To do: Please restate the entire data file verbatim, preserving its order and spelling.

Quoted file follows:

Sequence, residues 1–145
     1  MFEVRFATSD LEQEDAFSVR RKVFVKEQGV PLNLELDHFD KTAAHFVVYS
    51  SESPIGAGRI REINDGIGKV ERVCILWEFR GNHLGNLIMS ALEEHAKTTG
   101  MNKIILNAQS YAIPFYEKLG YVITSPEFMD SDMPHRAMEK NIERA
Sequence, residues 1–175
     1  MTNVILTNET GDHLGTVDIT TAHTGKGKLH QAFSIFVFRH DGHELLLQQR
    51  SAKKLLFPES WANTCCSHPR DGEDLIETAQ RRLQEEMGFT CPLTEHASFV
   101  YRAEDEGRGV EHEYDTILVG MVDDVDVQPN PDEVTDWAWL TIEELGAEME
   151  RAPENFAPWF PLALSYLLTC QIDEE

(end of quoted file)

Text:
Sequence, residues 1–145
     1  MFEVRFATSD LEQEDAFSVR RKVFVKEQGV PLNLELDHFD KTAAHFVVYS
    51  SESPIGAGRI REINDGIGKV ERVCILWEFR GNHLGNLIMS ALEEHAKTTG
   101  MNKIILNAQS YAIPFYEKLG YVITSPEFMD SDMPHRAMEK NIERA
Sequence, residues 1–175
     1  MTNVILTNET GDHLGTVDIT TAHTGKGKLH QAFSIFVFRH DGHELLLQQR
    51  SAKKLLFPES WANTCCSHPR DGEDLIETAQ RRLQEEMGFT CPLTEHASFV
   101  YRAEDEGRGV EHEYDTILVG MVDDVDVQPN PDEVTDWAWL TIEELGAEME
   151  RAPENFAPWF PLALSYLLTC QIDEE